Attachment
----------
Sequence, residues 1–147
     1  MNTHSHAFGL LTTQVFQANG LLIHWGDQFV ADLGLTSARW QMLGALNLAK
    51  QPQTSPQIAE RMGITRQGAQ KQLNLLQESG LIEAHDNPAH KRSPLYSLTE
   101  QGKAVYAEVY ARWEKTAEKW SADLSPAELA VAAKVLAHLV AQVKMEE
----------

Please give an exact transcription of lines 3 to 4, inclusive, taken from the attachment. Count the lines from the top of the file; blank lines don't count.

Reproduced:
    51  QPQTSPQIAE RMGITRQGAQ KQLNLLQESG LIEAHDNPAH KRSPLYSLTE
   101  QGKAVYAEVY ARWEKTAEKW SADLSPAELA VAAKVLAHLV AQVKMEE